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In Brief

Clinical news

Pain in older adults linked with biopsychosocial risk factors

By Melanie Hinze
Biopsychosocial risk factors are linked with the onset of troubling pain in adults aged 50 years or more, according to research published in Pain.

The authors of the prospective study assessed 4458 middle-aged and older adults from the Irish Longitudinal Study on Ageing who were without frequent, troubling pain at baseline. They used latent class analysis, based on 11 potential biopsychosocial risk factors, to identify, and assign participants to, four risk classes. The biopsychosocial risk factors used were physical activity, sleep, alcohol, smoking, BMI, depression, anxiety, loneliness, health, multimorbidity and disability. The four risk classes were labelled low risk (good mental and physical health; 51.2% of participants), high risk (poor mental and physical health; 7.8%) and intermediate risk, comprising a physical health risk group (28%) and mental health risk group (13%).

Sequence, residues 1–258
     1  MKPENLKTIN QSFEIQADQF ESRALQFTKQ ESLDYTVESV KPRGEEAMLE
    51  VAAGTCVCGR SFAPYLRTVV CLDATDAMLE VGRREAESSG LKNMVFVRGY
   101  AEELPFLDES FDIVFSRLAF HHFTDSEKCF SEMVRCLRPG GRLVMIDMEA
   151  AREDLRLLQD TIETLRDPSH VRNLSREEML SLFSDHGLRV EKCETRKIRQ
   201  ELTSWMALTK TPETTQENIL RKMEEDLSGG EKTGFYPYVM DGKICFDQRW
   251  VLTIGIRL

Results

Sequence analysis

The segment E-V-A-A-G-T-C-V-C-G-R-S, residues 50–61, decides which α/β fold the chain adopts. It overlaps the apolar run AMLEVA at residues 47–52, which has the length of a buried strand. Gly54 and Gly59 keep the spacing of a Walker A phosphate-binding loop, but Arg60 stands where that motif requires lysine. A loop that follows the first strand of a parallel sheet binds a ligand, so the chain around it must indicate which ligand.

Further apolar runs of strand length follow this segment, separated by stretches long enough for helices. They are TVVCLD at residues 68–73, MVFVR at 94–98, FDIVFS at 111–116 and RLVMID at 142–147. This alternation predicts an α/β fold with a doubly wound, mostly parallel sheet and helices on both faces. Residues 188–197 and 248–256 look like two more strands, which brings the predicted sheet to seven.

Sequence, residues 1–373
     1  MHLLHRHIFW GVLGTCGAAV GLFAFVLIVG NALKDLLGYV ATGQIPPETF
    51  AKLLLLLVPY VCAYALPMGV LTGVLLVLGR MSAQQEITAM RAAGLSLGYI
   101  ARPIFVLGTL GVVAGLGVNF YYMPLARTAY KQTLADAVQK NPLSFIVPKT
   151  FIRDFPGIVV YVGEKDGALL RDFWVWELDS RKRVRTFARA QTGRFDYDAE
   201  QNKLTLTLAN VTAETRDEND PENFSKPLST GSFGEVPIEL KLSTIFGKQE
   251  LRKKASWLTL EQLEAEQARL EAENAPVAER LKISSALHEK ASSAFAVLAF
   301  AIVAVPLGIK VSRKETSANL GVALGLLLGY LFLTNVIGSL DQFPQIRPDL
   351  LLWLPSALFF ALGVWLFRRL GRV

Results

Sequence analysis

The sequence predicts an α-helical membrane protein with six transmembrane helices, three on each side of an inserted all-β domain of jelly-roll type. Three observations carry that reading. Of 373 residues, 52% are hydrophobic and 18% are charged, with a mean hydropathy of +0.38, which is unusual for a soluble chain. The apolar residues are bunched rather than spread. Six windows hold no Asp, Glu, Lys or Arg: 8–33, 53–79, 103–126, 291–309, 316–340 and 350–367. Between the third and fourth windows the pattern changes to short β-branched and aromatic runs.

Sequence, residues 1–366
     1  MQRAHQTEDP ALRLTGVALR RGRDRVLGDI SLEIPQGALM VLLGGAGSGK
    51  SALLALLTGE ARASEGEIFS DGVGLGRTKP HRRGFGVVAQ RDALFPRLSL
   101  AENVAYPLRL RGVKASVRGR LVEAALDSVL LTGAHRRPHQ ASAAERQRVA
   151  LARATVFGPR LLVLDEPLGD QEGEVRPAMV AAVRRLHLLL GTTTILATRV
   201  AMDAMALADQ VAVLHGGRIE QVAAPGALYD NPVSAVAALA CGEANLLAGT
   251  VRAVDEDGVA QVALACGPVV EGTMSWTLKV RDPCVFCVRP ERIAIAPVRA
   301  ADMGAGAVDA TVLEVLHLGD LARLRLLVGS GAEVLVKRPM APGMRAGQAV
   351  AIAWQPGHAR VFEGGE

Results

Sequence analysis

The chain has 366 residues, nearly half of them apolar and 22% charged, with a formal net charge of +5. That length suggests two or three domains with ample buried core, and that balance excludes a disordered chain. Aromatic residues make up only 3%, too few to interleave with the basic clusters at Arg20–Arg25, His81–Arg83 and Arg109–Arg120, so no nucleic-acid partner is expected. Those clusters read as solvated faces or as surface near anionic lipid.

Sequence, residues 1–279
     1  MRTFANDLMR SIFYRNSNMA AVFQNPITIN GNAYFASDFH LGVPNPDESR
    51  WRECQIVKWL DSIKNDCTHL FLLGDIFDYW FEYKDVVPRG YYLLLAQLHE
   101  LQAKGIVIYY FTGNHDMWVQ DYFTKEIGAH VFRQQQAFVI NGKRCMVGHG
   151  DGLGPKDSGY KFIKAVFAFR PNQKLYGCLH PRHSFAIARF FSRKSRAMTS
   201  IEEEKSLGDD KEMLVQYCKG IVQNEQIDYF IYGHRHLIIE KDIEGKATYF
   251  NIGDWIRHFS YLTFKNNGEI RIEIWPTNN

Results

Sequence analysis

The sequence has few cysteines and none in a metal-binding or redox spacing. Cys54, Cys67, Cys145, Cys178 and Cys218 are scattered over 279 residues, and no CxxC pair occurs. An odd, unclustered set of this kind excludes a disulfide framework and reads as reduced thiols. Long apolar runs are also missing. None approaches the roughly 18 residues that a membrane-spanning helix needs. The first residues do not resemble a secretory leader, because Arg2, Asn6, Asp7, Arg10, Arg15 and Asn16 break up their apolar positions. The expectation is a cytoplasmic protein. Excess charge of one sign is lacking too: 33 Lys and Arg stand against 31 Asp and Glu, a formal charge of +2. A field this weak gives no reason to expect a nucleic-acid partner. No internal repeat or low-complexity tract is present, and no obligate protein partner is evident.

At two-years’ follow up, 17.9% of all participants reported being troubled by pain and, although the group was small, those in the high-risk group were over three times more likely to develop pain than those in the low-risk group (odds ratio, 3.16).

Additionally, 22.9% of those in the high-risk group developed multisite pain or single-site pain affecting usual activities compared with only 5.6% of those in the low-risk group.

The authors concluded that the development of pain in older people was linked to a range of biopsychosocial risk factors. They argued this reinforced the hypothesis that pain in older adults was linked with frailty or unhealthy ageing and as such, treating pain as a standalone symptom may be of limited value.

Professor Andrea Maier, Professor of Gerontology at the University of Melbourne and Divisional Director of Medicine and Community Care at the Royal Melbourne Hospital, agreed, saying that mental and physical health was of utmost importance to avoid being troubled with pain in the future.

 ‘This study demonstrates that the underlying causes of mental and physical symptoms might directly or indirectly lead to pain sensations,’ she told Medicine Today. ‘We therefore should target underlying causes rather than treating pain as a sole symptom.’
Pain 2018; 159: 1631-1640.